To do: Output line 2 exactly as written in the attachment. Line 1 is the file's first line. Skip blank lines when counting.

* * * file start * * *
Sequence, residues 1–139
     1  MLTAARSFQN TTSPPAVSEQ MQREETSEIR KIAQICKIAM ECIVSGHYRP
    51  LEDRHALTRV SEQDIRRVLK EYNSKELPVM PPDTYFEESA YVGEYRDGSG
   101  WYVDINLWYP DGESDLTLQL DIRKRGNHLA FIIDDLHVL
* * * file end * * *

     1  MLTAARSFQN TTSPPAVSEQ MQREETSEIR KIAQICKIAM ECIVSGHYRP